Top Tips to Avoid Shin Splints

Are you a runner, even a casual one, then you absolutely need to avoid shin splints. Chances are that either you are, or you’re considering getting into it. These days, more and more people are becoming aware of the benefits of running and putting some serious thought into getting started. Running has long been one of the more popular exercises to consider for general fitness, for a lot of reasons. Virtually everyone can do it, it requires no particular special skills, and even equipment considerations are down to a fair minimum. The cardiovascular benefits are clear, and it can help burn calories at a good rate over time.

Odds are, however, if you run then you may also be familiar with shin splints. Yes, virtually every runner – and possibly people who are getting into running – has encountered this at least once. “Shin splints” is actually a catchall term of sorts for various leg ailments, typically occurring in the lower leg and having to do with the bones and muscles in that part of the limb. Shin splints can range from painful but minor inflammation of the connective tissue that covers and connects the lower leg muscles to the tibia in the lower leg, to a much more serious disconnection and separation between the muscles (the fascia) and the tibia. The latter is made worse by the high level of pain and the comparatively slow healing process.


Shin splints are mainly caused by two things: either too much impact to the lower legs when running, or too much dependence on the lower legs to propel you forward. The former is mainly a result of heel striking, which irritates the fascia or connective tissue in your lower legs. The impact of landing your heel when you take a running step jars the connective tissue, and over time this causes inflammation and pain in the area. This could worsen over time, which means that action must be taken to address it before that can happen.

It can be somewhat confusing to note that the other end of the foot can be as much of a cause for concern as the heel that faces heel striking. Overuse of the lower legs, on the other hand, can occur when you push off too much with the toes. This puts a lot of strain on the calf muscles, which in turn demands a lot of your shins as well. This strain comes from the fact that this relatively small group of muscles must now move the weight of your body and combat the pull of gravity, which is too much work. Overworking the muscles in this area is what results in the inflammation that causes pain and soreness, and if left unchecked will eventually lead to the more drastic potential outcome of the fascia separating from the tibia.

It’s not just these two potential causes that lead to shin splints. Beginning runners can sometimes take on too much in terms of distance or speed, leading to their legs having to sustain more impact and intensity at a time than they’re ready to. Overcommitting is surprisingly common, partly because beginning runners might not be aware of their thresholds and partly because of the desire to accomplish as much as possible very quickly. Another possible reason is the lack of a proper warmup – many runners, beginning and otherwise, make the mistake of going too fast too soon, instead of starting with a slower pace and increasing speed as the muscles acclimate. This combines with the tendency for beginning runners to push off with their toes to result in shin splints because of both factors.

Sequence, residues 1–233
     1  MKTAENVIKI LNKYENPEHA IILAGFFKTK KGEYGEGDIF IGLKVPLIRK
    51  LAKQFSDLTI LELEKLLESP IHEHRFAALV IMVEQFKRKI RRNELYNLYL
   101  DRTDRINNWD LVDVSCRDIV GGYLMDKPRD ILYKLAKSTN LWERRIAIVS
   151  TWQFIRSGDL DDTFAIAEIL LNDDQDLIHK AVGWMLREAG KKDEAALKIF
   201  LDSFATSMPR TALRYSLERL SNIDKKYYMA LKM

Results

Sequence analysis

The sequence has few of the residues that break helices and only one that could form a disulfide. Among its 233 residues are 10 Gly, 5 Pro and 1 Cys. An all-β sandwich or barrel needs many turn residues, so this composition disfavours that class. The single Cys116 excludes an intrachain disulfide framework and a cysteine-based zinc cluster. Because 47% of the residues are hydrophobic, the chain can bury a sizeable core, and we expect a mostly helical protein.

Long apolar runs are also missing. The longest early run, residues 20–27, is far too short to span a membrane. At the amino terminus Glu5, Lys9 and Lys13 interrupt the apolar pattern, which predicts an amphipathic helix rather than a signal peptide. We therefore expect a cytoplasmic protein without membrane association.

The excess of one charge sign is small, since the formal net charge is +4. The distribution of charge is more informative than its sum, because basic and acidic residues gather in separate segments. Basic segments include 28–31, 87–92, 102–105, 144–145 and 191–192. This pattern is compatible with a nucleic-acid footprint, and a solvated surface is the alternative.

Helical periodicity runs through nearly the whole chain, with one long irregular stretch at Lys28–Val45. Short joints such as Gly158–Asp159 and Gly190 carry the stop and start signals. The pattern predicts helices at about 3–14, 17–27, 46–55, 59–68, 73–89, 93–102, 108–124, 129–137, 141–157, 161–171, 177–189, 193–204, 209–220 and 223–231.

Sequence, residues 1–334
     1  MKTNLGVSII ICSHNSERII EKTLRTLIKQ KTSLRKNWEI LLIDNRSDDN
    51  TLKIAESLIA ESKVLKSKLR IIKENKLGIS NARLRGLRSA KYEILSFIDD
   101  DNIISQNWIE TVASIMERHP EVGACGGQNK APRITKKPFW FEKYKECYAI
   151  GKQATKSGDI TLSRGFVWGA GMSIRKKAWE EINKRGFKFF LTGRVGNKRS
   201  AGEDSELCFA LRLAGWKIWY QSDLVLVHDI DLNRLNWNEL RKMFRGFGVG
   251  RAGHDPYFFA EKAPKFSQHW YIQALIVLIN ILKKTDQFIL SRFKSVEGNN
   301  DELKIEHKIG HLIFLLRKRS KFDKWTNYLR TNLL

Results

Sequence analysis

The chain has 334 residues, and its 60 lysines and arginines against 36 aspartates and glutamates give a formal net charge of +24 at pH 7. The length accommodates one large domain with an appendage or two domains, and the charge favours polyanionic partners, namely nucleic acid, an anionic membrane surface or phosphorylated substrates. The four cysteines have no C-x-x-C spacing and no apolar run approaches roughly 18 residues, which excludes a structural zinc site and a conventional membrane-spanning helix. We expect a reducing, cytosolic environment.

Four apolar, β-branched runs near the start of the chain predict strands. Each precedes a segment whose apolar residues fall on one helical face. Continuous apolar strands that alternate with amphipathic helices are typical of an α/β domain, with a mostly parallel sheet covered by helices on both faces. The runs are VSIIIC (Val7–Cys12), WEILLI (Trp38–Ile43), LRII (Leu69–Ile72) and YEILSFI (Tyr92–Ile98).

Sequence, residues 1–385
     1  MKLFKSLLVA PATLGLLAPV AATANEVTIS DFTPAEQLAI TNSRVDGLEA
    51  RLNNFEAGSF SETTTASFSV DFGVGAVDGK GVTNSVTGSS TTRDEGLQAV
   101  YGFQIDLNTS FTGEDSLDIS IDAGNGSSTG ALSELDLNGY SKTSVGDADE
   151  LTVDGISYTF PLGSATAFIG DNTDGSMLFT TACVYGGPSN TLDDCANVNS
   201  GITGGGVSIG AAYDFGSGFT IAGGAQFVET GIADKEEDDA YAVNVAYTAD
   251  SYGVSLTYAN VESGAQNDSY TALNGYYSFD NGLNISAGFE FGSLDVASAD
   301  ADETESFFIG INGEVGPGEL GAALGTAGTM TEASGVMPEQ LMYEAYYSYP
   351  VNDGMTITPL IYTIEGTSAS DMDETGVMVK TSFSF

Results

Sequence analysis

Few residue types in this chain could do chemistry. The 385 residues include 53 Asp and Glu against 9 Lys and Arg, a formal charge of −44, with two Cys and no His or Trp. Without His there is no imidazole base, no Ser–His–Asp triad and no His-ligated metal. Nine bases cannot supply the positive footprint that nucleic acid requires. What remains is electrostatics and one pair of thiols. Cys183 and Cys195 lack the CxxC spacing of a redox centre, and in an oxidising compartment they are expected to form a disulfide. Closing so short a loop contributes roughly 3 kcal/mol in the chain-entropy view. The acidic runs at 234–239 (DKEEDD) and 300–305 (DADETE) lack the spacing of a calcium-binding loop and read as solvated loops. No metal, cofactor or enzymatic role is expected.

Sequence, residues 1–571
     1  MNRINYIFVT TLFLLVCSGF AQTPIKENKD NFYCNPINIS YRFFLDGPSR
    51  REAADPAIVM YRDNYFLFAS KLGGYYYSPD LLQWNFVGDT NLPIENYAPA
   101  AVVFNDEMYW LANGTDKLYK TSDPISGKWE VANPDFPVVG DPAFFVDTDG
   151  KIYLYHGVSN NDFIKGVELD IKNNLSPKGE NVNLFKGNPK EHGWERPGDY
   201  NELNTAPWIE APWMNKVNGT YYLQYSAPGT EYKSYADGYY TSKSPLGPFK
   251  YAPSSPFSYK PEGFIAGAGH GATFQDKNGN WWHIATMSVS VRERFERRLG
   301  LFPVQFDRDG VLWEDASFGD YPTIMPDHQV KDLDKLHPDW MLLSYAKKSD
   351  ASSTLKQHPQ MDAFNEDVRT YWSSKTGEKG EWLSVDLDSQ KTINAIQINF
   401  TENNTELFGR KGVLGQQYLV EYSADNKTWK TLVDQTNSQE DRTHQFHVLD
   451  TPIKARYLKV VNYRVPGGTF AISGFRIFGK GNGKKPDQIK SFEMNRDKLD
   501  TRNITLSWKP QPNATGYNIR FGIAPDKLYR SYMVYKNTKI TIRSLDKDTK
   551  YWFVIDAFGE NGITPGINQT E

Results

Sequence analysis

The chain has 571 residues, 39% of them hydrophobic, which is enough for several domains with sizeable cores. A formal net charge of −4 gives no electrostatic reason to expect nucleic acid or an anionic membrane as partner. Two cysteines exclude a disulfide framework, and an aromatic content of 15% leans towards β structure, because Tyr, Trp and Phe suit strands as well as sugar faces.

Avoid Shin Splints With These Tips

Correcting your running stance can go a long way toward helping to eliminate heel striking. Heel striking tends to occur when a runner keeps his trunk upright when running, which results in the legs reaching further out front in order to take a running step. This overstriding lands the heel and causes each running step to take a heel strike. Ideally, one lands each running step on the mid-foot area, letting the impact spread through the foot properly and avoid causing a heel strike.

Dealing with the other possible causes is simple – make sure to warm up before each run, not with full-on stretching (although there are calf stretches that can help loosen up enough to prevent shin splints) but with jogs. Don’t start with a fast-paced run yet, but let the leg muscles get used to the rhythm of the impact that comes with each step.

Furthermore, here’s a technique that might draw one’s attention to how to avoid the main factors that cause shin splints: Stand in place. Lift a knee off the ground, and notice that you can do this without straining your lower leg muscles. You can even let the foot dangle from the knee as the knee comes up. The shin and calf muscles don’t do any of the work. The same is true when running – lean slightly forward, pick up your feet and let your momentum and gravity keep you moving at a run. Don’t push off with your feet.

Healing Shin Splints

If your efforts to avoid shin splints did not succeed, you’ll certainly want to heal from them, right?

Commonly, it might be advisable to give your legs a rest for a while. This is standard for inflammatory ailments in the legs, and it makes sense to let them rest and knit themselves back together. While enjoying a bit of downtime, icing the shins may help relieve the pain and reduce the inflammation – also standard treatment for inflammatory injuries. If you must exercise, some doctors advocate switching to swimming-based exercises as they don’t force your legs to carry your weight. There can be a good workout had in the water.

Of course, prevention is better than a cure – especially since these treatments, as it were, are symptomatic. They mainly reduce the pain that results from the problem, but they don’t get rid of the problem itself. Consider that it would ultimately be best to pay attention to the way you run and the pace you set for yourself, to keep shin splints from becoming a concern at all in the future.

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